Bengaluru: On Wednesday, Union AYUSH minister Shripad Yesso Naik tested positive for COVID-19.
Naik is in charge of a ministry that, among other things, both tests and promotes ‘alternative’ medical traditions. There is a conflict of interest in the same government entity being in charge of testing and promoting remedies, but at this moment, over a year into Narendra Modi’s second term as prime minister, this is probably the smallest charge that can be laid at the ministry’s doorstep.
Its principal failing by far has been its aggressive drive to commoditise, and consequently plunder, these medical traditions – to rip them out of context and subject them to the same indignities we visit on the Vedas when we claim these ancient philosophical texts predicted the discovery of the Higgs boson or contain clues about building spacecraft.
The ministry’s most pronounced damaging impulses have been on display whenever it has offered up cow urine as a cure for disease X, and – more recently – when it pushed a homeopathic drug to beat COVID-19 and claimed an Ayurveda practitioner cured Prince Charles when he tested positive for the SARS-CoV-2 virus. And though the ministry recently – and rightly – pulled up Baba Ramdev’s company for peddling a drug as a cure for COVID-19 without permission, after the media raised a stink about this, the drug itself shared many ingredients with a supposedly Ayurvedic formulation that the ministry has claimed sans proof could treat malaria.
As such, the Ministry of AYUSH has essayed its part in the ‘nationalist’ project, which means presenting at least Ayurveda as an ‘alternative’ to modern allopathy. While Ayurveda is part of India’s history, of all the lenses through which we could showcase that history, we have reached for a combination of self-pity and consumerism, debasing Ayurveda itself as a result.
Those who study Ayurveda based on historical texts, anthropological studies and medical research say that it is of complementary, not alternative, epistemological value. As for the efficacy of any purported remedies – the only extant way to validate them is via the same methods reserved for allopathic drugs, but most manufacturers shy away from that.
Seen in context, as a distinct historical, cultural and social object, Ayurveda is its own thing. So the question of whether it is fit to treat people for something that allopathy can treat more efficaciously should be isolated from the Ayurveda trapped in the poisonous embrace of Hindutva and the Ayurveda being shredded by the scientism of rationalists. But now that Minister Naik has contracted the novel coronavirus, only these two Ayurvedas will be on the minds of most people.
Naik has reportedly said he is asymptomatic and will be quarantined at home. But whenever he receives any medical attention, it is likely to be of the allopathic variety. This is in keeping with his colleagues at the Bharatiya Janata Party (BJP), who have condoned pseudoscience by supporting the ministry while retaining the privilege to access and afford well-tested medical science when they fall sick.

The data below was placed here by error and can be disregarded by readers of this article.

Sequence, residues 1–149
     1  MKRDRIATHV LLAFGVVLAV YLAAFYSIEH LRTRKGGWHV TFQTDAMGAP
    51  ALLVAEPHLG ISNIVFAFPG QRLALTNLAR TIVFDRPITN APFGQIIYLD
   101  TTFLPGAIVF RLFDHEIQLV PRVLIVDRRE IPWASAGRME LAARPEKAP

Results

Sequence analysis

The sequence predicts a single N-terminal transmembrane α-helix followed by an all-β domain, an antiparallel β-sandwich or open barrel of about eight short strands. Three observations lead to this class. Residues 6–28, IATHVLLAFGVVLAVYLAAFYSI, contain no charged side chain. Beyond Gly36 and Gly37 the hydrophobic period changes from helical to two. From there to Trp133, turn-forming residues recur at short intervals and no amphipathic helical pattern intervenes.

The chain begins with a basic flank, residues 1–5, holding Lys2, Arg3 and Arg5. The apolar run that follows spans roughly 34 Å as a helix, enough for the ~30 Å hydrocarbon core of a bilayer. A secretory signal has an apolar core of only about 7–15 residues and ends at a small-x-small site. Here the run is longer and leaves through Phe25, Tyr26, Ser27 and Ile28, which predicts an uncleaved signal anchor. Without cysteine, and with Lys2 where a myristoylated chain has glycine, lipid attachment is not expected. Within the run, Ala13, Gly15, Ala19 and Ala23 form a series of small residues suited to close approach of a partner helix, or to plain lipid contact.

A bizarre advisory Naik’s ministry issued on January 29 claimed homeopathy could prevent COVID-19 infections (even though at the time the disease hadn’t been named yet) and that Unani could help manage symptoms. The ministry issued a revised advisory on February 4, claiming the first one had simply indicated “general precautionary measures to be followed in the context of such viral diseases.”
“These measures,” it continued, “are advised based on the principles of approach in respective medical system [sic] to such viral diseases where respiratory involvement is evident. These advisories neither claimed effective treatment for coronavirus nor suggested any specific drug to combat coronavirus.”
As I wrote then, the follow-up advisory was self-contradictory and didn’t assuage concerns raised by the first. And as The Wire Science reported on May 16, “The AYUSH ministry claimed its March 6 advisory on symptomatic relief from COVID-19 was based on classical [Ayurvedic] texts and the scientific literature. But the references weren’t indexed, so there was no way to tell which bit of advice came from the classics and which from scientific evidence. This type of muddled communication has become typical of the ministry.”
The ministry has since gone on to make other dubious claims about managing novel coronavirus infections, and has frequently banked on its band of ‘alternatives’ to advance unproven dietary and/or therapeutic regimens to ‘boost immunity’. But now, party hardliners will insist Naik needed to be treated by allopathic doctors because the rest of us misinterpreted the ministry’s agenda all along, that its suggestions have always been long-term and holistic, not short-term and specific. On the other hand, habitual contrarians will demand that the Ayurvedic baby be thrown out with the filthy bathwater that is the Ministry of AYUSH.
And in this mad tussle, with two sides only shouting at each other, Ayurveda’s reputation for being “not even wrong” for its alleged refusal to be grounded in scientific reason will only harden. No minds will be changed.
More worryingly, someone poorly informed and confused, and desperate to save an aged relative dying of COVID-19, will reach for substances the ministry promoted and assume the family will be okay. Naik will eventually recover and return to his duties at the ministry’s helm. A few years later, when our memories have faded to a suitable extent, we’ll be told that Naik really healed because of Ayurveda.
But the fact remains: the Ministry of AYUSH has done everything except actually study Ayurveda. In turn, we know more about why we need to reject homeopathy or scrutinise the claimed neurological benefits of yoga than we know about what Ayurveda really is and why it deserves to be studied and preserved in its own right.